[MN Roy later wrote that the Germans never meant to give us any substantial help; and the whole German plan of giving arms to Indian revolutionaries was a mere hoax, a veritable swindle.]
Since Naren was determined to take his plan for German funding to the German Ambassador in the United States, before heading to Germany itself, the German embassy in Peking put him as a stowaway aboard an American ship with a German crew, bound for San Francisco. It also provided him with a fake Frech – Indian Passport.
The understanding was that the offer of German arms would be routed through the resident Indians in California, which is located midway between Japan and Europe (The Axis). Narendra Nath, thus, travelled to America primarily to negotiate an Arms deal and to secure funds from Germany to fuel the Indian revolutionaries.
On the way, the British raided vessel in international waters; but were unable to track down Naren who was hidden in a secret compartment. When the ship next landed at Kobe, Japan, Naren stealthily disembarked and escaped into Japan.
And there in Japan, with the help of Japanese Intelligence, he obtained an American Visa on the ground that he was travelling to Paris by way of USA. He used a fake French – Indian passport given to him by the Germans in China. He (as Martin Charles Allen) boarded a ship named Nippon Maru that set sail to San Francisco, California from Yokahoma (Japan) in Tokyo Bay, South of Tokyo, on 25 May 1916.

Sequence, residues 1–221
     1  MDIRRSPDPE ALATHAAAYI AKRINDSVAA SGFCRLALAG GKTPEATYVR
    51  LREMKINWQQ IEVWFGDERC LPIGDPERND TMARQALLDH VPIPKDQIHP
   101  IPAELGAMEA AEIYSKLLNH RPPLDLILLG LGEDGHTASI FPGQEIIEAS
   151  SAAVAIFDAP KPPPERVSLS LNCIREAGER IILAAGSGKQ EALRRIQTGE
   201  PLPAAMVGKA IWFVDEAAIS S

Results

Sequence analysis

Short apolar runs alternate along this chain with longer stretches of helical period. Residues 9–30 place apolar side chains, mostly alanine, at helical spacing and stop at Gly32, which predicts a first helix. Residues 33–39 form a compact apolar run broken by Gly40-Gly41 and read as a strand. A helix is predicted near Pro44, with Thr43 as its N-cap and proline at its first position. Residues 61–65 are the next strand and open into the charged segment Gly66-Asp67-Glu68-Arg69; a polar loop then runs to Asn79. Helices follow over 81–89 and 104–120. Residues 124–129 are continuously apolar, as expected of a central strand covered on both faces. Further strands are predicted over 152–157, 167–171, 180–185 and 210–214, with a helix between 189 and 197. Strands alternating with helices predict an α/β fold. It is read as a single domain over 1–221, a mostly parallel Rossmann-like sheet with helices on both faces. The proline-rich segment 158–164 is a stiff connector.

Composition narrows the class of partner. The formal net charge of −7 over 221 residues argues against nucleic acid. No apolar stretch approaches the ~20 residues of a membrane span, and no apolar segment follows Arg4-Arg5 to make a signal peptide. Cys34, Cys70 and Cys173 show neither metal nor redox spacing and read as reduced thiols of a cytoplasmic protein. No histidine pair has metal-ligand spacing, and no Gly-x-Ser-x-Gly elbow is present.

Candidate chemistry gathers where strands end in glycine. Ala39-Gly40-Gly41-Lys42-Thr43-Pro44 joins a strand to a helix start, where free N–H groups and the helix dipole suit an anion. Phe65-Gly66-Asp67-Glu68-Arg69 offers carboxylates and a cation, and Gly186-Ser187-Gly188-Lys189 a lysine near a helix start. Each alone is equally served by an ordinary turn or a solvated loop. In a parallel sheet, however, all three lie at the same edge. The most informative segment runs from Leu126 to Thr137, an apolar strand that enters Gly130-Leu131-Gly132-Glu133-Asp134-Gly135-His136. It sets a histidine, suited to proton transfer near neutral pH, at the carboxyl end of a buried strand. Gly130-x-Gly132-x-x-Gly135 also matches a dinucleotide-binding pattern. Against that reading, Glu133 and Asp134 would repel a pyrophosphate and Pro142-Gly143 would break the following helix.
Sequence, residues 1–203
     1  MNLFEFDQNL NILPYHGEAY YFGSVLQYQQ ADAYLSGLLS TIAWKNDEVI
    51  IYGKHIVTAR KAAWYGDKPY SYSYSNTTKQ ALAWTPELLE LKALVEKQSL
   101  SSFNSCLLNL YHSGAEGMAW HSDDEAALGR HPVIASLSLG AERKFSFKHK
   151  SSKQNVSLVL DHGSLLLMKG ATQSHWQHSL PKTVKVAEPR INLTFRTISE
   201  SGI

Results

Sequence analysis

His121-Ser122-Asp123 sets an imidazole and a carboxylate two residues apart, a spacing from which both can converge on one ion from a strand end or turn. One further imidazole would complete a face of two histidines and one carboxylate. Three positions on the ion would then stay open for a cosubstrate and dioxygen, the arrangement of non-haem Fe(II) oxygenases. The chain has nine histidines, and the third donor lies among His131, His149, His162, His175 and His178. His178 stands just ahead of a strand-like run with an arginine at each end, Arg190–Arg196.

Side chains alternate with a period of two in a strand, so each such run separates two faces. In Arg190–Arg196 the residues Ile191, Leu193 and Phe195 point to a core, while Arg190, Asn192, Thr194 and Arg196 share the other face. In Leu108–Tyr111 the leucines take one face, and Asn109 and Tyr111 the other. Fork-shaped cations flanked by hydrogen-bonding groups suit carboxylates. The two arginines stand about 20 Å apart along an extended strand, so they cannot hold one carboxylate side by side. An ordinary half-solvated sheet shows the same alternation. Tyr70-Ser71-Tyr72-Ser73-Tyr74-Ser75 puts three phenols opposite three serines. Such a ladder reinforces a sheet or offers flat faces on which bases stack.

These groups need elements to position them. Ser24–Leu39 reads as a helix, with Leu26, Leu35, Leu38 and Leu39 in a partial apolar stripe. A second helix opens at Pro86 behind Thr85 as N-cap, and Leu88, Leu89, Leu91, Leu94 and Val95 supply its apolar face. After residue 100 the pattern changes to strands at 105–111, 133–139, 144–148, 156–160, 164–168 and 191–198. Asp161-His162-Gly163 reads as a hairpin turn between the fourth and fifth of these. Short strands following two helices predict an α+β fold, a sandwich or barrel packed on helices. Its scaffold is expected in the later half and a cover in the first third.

After series of disappointments, failures and aimless wandering as a fugitive over the whole of South East for about eighteen months, Narendra Nath set sail to USA in pursuit of his incomplete mission to secure German arms to fight the British in India.
As Roy had earlier remarked; the coveted cargo of Golden Fleece was after all a wild goose chase. And, it continued to elude.
Sources and References
1, M N Roy by V B Karnik, National Book Trust, 1980
2.M N Roy, A Political Biography by Samaren Roy
3.Political Philosophy of M.N. Roy by Dr. Prakash Chandra, Sarup & Sons, 1992
4. Numerous pages from Wikipedia